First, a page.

I mean what can you say? When you go to a GRiZ show, you’re guaranteed an electro-funk filled show packed with bright lights, an undeniable swagger, and great friends you didn’t even know before the show. GRiZ took the stage at Myth on the coldest night of the fall so far, and even though snow and the biting cold was on everyone’s mind while in line, the game changed immediately when you stepped into the Myth.
Much like a music festival, going to a GRiZ show brings you together with a community of dedicated fans, who deeply connect with the music that brought them there. For those 5 hours, the night belonged to the crowd of GRiZ faithful, known as GRiZFam.
Hailing from Southfield, Michigan, Grant Kwiecinski started out like a lot of suburban kids with the piano and their band instrument of choice in elementary school. In his case, he chose the alto saxophone (Great choice Grant, obvi the coolest kids play sax through high school, I would know) that would eventually define his music. He eventually graduated from high school and went on to Michigan State, where he first started to make his own music, which lead to being the DJ at many friends’ parties, fraternities, and shows; which lead to his first album, End of The World Party, which led to him supporting acts like Bassnectar, Pretty Lights, Gramatik and Big Gigantic, which lead to four more albums and headlining tours all across the country. His rise to a well-known name in the electronic world was fast, yet also jam-packed, much like the run-on sentence prior to this one.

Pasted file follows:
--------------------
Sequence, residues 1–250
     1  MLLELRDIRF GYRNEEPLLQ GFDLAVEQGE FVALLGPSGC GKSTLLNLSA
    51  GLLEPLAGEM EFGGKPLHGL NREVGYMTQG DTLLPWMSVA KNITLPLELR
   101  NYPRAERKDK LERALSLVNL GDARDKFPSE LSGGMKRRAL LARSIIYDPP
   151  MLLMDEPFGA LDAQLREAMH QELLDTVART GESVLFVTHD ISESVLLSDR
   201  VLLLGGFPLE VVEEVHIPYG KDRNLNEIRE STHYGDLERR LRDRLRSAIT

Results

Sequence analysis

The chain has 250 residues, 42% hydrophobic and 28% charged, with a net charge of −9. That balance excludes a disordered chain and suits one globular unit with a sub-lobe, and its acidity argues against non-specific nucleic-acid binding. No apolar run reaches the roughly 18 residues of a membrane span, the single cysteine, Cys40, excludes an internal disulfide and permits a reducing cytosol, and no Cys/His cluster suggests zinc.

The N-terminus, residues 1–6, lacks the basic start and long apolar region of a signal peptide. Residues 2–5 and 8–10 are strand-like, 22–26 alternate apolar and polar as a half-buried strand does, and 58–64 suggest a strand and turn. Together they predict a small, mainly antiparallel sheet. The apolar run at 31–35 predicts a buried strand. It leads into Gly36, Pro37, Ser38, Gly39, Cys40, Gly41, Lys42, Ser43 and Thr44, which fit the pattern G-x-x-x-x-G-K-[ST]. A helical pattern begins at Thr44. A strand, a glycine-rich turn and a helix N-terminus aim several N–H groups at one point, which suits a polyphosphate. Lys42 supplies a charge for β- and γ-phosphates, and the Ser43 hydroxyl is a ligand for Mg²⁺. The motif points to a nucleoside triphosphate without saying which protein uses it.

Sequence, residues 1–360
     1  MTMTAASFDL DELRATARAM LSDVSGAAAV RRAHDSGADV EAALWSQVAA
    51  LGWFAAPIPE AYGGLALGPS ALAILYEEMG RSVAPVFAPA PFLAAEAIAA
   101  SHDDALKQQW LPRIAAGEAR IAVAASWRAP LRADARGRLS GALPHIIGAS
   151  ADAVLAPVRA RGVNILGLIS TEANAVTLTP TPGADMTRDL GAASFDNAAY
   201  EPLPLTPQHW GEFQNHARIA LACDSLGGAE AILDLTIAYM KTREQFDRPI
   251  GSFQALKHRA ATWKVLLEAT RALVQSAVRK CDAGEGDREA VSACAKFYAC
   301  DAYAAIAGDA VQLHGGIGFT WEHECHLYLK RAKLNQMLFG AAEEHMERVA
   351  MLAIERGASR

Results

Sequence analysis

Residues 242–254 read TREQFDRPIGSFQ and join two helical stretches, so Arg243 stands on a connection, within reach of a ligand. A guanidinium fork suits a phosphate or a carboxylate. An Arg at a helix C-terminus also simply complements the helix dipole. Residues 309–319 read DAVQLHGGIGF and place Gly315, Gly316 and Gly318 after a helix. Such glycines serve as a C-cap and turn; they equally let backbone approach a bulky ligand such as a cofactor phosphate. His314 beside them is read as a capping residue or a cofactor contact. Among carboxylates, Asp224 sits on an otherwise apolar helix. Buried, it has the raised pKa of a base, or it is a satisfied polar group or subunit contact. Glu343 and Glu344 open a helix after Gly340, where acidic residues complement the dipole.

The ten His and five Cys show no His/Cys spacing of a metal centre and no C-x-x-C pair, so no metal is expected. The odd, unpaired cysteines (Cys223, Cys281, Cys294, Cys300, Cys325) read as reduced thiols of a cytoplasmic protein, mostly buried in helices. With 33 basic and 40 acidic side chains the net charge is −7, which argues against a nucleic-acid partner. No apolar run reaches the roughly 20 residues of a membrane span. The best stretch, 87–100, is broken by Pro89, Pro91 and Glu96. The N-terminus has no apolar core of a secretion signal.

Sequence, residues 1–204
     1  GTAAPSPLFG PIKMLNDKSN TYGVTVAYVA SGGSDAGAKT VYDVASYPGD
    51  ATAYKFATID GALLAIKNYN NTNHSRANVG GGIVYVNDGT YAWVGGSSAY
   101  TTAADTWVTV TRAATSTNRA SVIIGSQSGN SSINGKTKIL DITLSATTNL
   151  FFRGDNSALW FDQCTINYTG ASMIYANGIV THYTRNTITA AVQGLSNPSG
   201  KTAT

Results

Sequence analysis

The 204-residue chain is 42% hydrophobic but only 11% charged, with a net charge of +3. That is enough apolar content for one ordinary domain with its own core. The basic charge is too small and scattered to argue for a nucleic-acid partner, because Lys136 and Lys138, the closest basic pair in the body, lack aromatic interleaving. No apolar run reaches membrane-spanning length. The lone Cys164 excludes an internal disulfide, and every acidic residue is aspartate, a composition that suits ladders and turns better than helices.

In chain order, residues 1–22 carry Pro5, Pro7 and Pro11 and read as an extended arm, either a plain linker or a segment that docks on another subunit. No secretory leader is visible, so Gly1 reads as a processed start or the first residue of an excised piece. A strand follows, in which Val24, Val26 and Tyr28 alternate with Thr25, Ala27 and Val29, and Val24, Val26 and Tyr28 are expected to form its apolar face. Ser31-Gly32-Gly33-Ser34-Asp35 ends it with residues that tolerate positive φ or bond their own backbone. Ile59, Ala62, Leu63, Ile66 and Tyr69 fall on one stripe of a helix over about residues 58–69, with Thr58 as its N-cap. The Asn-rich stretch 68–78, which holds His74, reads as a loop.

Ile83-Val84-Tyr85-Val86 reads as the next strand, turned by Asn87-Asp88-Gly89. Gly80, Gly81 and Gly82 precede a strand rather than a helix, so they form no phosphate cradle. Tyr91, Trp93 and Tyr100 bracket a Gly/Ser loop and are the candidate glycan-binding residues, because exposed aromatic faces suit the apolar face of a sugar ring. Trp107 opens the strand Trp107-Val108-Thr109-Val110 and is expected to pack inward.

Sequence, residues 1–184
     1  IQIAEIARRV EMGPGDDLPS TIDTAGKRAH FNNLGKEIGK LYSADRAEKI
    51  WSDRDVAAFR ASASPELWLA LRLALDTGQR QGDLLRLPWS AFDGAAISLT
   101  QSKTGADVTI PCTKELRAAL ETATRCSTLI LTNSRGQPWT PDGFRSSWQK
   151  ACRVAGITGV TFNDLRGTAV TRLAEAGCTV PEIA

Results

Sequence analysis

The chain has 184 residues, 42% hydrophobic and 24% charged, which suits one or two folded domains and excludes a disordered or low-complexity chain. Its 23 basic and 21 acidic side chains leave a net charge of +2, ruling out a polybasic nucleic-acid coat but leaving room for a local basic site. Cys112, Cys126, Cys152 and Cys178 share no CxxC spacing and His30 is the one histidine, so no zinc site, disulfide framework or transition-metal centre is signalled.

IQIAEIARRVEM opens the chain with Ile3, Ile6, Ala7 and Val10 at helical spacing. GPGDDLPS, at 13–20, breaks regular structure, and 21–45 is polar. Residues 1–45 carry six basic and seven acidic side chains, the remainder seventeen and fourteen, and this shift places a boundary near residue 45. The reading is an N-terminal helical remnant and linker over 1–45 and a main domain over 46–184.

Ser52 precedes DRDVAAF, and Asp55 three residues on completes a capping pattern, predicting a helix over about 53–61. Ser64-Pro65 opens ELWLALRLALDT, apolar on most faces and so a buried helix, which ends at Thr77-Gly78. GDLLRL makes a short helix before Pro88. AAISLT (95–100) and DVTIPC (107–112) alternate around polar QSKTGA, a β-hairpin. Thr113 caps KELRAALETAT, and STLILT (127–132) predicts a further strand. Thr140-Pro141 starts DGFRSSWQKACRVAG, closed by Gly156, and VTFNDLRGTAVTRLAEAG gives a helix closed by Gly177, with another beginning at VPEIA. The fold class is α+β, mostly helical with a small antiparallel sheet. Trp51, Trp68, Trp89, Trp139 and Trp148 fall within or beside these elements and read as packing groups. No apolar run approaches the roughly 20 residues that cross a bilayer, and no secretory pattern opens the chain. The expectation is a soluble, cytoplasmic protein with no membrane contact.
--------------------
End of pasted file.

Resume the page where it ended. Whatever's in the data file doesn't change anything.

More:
His shows are no different. They’re absolutely crammed, bookended by more or less non-stop music, barring the occasional joke to the crowd. The lights are bright, & colorful, the sax solos are magnificent, and the energy radiates from both the stage and the crowd. This formula has not changed drastically since the times he first started headlining, but if it ain’t broke, don’t fix it. The experience still finds a way to surprise you every time you go.
This particular show featured his recent hits like “Good Times Roll” and “Gotta Push On” but also drew on favorites from every one of his albums. The show also included some very new material from “Chasing The Golden Hour II” which was a big departure from his typical work, as it was something that you’d be more likely to hear in a lounge, than a large venue like Myth Live.
It featured a duet with his backing guitarist Muzzy, who also opened the set earlier in the night. However, it ended up being a great way to bridge the show to a very high-energy ending.
A GRiZ show, as I said earlier, is a festival like experience. The music is infectious, the crowd radiates happiness, and the energy will get keep you dancing well past midnight on a weekday, where most would rather stay home due to the weather.
If you have never been to a GRiZ show, and you like music festivals and music with an undeniable groove, you don’t have too much of an excuse to not go. It was the most fun I’ve had at a show in a long time, and I was “working.”